Shortly after assuming the presidency, Barack Obama set his sights on reorienting the United States' relationship with Pakistan. For decades, Washington had been a fair-weather friend to Islamabad, eager to work together when its own security interests were at stake, but otherwise indifferent to Pakistan's domestic challenges. But recognizing that the fates of South Asia and, ultimately, U.S. security are inextricably linked with Pakistan's stability and prosperity, Obama signed into law the Enhanced Partnership for Pakistan Act (the Kerry-Lugar-Berman bill) just a few months into his first term. The bill authorized up to $7.5 billion in aid to Pakistan's civilian government over five years and was meant to usher in a new era of partnership and bolster democracy.
Nearly three years later, reality has set in. The partnership, although initially energized by the late Richard Holbrooke, Obama's special envoy to Afghanistan and Pakistan, was hamstrung from the outset. The problems do not stem only from the U.S. drone campaign and the covert raid that killed Osama bin Laden, nor is Islamabad's failure to take on difficult domestic reforms solely to blame. The problems are also due to the United States' inability to insulate medium-term development investments from diplomatic and security pressures and its overreliance on a complicated and creaky foreign aid system to administer development programs.
Even as officials at the White House, in the State Department, and at the U.S. Agency for International Development (USAID) cope with the problems of doing development well in Pakistan, they are in danger of repeating the mistakes made there in yet another civilian aid ramp-up. This time, Washington plans to use aid for political and economic development in the Arab Spring countries: Egypt, Libya, Tunisia, and, perhaps, a few more players to be named later. The administration's starting point is a request earlier this year that Congress establish the $770 million Middle East and North Africa Incentive Fund. The initiative is a vaguely defined plan to "support citizens who have demanded change and governments that are working to deliver it." Pakistan has several lessons for future U.S. engagement with the countries of the Arab Spring.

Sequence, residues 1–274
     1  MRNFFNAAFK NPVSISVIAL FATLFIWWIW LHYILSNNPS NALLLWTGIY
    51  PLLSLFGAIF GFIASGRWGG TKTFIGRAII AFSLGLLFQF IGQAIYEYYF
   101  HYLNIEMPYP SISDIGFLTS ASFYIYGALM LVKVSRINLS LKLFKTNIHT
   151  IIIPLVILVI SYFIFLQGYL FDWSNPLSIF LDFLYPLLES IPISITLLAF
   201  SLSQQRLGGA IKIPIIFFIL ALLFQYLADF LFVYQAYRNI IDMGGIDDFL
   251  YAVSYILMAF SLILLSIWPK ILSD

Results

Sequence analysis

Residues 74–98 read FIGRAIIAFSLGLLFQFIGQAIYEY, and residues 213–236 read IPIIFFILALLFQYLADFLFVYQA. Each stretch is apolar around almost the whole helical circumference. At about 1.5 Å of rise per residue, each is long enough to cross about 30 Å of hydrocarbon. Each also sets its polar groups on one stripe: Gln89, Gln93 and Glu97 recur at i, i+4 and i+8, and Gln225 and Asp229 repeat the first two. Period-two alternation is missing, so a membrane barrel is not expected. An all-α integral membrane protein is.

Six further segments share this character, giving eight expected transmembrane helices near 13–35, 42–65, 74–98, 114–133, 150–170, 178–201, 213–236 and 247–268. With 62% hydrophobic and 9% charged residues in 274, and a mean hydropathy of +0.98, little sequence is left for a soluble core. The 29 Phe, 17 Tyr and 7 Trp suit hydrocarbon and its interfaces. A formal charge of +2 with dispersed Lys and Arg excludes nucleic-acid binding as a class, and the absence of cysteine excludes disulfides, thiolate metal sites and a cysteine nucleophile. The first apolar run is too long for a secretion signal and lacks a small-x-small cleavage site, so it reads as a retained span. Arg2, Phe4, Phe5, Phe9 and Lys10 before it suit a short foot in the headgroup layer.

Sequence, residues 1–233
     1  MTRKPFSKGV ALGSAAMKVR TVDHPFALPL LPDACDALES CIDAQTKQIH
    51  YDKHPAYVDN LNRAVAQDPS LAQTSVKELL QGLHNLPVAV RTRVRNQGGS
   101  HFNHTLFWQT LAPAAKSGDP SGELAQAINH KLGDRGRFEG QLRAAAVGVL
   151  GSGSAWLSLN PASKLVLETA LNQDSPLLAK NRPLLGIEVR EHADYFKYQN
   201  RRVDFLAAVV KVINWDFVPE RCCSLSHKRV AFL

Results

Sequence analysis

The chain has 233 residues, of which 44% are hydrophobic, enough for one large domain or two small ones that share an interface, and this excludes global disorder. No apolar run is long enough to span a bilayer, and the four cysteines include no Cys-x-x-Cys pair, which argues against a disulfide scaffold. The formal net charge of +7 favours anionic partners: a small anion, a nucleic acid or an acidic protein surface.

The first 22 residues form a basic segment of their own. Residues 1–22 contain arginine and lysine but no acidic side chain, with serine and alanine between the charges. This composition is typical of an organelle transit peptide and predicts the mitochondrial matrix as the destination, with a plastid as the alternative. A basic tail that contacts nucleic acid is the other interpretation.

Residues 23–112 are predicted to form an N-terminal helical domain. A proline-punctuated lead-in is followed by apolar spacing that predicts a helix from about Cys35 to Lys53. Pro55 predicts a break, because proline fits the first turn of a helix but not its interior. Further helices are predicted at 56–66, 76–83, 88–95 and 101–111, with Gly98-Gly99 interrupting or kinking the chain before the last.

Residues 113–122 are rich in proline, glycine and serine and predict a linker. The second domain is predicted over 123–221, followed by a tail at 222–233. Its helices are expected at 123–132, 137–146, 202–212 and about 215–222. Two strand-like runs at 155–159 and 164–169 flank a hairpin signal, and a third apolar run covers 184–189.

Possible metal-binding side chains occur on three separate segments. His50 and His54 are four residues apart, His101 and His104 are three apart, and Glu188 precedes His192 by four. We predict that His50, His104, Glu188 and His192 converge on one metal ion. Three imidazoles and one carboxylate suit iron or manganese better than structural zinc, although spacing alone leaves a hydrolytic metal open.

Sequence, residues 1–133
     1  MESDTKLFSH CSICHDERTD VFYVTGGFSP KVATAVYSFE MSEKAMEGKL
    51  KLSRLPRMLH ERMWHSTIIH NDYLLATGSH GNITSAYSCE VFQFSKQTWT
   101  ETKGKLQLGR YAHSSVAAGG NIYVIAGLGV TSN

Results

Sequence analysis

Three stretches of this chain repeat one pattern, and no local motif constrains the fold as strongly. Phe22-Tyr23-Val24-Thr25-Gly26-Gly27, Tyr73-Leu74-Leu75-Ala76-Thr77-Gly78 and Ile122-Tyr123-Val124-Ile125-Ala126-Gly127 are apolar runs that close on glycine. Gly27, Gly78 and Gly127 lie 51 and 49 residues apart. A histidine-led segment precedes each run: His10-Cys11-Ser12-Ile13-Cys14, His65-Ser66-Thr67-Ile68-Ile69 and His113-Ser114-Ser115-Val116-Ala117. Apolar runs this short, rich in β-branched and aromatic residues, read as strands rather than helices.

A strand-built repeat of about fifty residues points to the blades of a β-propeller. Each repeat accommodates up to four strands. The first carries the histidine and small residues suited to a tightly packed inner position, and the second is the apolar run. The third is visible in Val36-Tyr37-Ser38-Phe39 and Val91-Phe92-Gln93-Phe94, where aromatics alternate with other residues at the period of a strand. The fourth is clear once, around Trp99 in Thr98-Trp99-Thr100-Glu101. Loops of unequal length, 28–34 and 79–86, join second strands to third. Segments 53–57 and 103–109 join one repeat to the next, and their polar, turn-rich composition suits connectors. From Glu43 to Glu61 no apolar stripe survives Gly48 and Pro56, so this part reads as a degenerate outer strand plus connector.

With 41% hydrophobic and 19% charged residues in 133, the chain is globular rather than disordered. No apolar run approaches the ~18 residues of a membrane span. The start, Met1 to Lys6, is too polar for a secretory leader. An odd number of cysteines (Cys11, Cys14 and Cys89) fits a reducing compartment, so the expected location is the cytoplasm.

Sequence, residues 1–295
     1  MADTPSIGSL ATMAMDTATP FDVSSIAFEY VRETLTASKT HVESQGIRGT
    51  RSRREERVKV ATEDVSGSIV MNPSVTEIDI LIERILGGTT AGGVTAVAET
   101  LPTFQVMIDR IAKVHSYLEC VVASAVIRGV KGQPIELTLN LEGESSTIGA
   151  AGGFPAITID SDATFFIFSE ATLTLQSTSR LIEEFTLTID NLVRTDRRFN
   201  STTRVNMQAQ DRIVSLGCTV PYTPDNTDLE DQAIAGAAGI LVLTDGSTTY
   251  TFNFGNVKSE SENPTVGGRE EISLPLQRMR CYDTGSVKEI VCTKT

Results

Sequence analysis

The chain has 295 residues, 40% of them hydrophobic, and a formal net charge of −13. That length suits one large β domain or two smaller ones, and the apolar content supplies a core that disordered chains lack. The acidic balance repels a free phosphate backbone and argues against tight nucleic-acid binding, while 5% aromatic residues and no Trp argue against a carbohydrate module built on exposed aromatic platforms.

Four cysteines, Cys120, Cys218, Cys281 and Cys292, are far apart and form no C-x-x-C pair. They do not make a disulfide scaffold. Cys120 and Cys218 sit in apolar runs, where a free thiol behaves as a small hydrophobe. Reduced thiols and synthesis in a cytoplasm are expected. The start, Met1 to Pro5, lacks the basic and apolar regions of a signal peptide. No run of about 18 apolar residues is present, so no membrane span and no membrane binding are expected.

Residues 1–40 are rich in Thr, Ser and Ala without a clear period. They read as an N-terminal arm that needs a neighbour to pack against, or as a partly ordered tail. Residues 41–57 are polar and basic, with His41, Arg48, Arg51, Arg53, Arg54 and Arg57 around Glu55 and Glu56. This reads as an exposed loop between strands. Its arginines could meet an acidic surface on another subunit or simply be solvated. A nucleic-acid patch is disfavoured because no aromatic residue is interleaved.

First, it is fruitless to assume that U.S. civilian assistance provides serious leverage for democratic or other reforms, particularly when a recipient's civilian government exists in the shadow of a dominant military. The cardinal rule of Pakistani politics is that the military chooses the piece of the budget pie it wants. Civilian agencies are left to fight over the crumbs. U.S. assistance has not changed that fact; it did not strengthen the civilians' hand with the military, nor did it induce it to undertake politically costly reforms such as raising energy prices. It is naive to imagine that threats to revoke U.S. civilian aid -- a small portion of GDP directed to specific projects -- carry much weight with Pakistan's military intelligence establishment or even with the civilian government. The same would be true in Egypt. Civilian aid might help get the United States a seat and a voice at the policy table on difficult technical issues. But it cannot -- on its own -- coax change where there is no political will.